Court Rules Against Yelp and Free Anonymous Speech



The Virginia Court of Appeals yesterday ruled that Yelp must reveal the identities of seven anonymous individuals who wrote negative reviews of a carpet-cleaning business.

Hadeed Carpet Cleaning claims they could not match seven posts on the business review site to actual customers. Courthouse News explains, "The business sued the John Doe authors of seven critical reviews and subpoenaed Yelp to learn the identities of the anonymous reviewers. Yelp repeatedly refused to respond to it, however, leading the trial court to hold Yelp in contempt."

The case reached the state appeals court, which ruled 2-1 that Yelp cannot conceal the users' identities. Judge William Petty wrote the majority opinion, explaining that " the freedom of speech—and within this, the freedom to speak with anonymity—is not absolute." He believes that "the review is based on a false statement of fact… and 'there is no constitutional value in false statements of fact.'"

Techdirt suggests that "the Virginia court had no jurisdiction over Yelp, a California company," and that the court ignored the precedents set by Dendrite International, Inc. v. Doe No. 3 and other cases, which "require giving the anonymous users a chance to respond and (more importantly) require the plaintiff to present enough evidence to prove there's an actual case."

Paul Levy of Public Citizen, a consumer rights advocacy group, represented Yelp in the case. He told the Washington Times that this was the first time he's "seen an appellate court order the identification, the first case in which I've represented a party in which we thought the Doe was clearly protected and the court said they were not." Levy also expressed a skeptical view of the merits of Hadeed's claims and how they were used in court:

They don't say that the substance is false… They say, well, we can't be sure this person is a customer. No one with this pseudonym from this city is in our customer database. Well, of course! It's a pseudonym. They haven't shown anything that really would lead any person to believe that this isn't a customer.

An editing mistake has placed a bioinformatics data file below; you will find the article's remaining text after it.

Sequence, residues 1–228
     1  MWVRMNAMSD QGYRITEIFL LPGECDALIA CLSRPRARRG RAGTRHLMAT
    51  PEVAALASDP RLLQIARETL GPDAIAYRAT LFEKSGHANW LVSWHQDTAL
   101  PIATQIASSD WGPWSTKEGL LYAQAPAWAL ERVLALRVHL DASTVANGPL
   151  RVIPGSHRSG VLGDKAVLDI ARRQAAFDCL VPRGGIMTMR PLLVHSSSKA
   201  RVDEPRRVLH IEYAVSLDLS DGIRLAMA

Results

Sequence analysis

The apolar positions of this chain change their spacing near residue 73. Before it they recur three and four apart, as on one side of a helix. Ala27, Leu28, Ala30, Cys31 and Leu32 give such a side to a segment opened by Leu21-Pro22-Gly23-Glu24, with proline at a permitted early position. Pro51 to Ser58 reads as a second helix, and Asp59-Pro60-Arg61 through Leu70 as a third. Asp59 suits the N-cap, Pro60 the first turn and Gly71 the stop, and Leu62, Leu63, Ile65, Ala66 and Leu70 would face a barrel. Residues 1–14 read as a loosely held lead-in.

If you've been defamed, you ought to be able to [show evidence of your claim of defamation]… And that's both what Hadeed didn't do here—they just refused—they didn't do that here and the court didn't require them to do that.

The dissenting judge on the appellate court expressed a similar sentiment, adding that "Anonymous speech is protected by the Constitution of the United States and by Article 1, Section 12 of the Constitution of Virginia."

The review website has previously exercised robust enforcement of its terms and conditions by removing falsified write-ups and taking action against their authors. Yelp plans to take its case to the Virginia Supreme Court. 

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  1. The case reached the state appeals court, which ruled 2-1 that Yelp cannot conceal the users’ identities

    We are a nation of laws, but the law always comes down to the opinion of a disturbingly small number of men.

    1. In the case of the Virginia judiciary, men and women who are just itching to tell everyone else how to live.

  2. Is yelp the one that ghost writes bad reviews of you unless you pay them?

    1. yes

    2. Yes, they’re fucking extortionists.

  3. ‘there is no constitutional value in false statements of fact.’

    Well, perhaps in *theory*. 8-(

    1. What could possibly go wrong with that principle?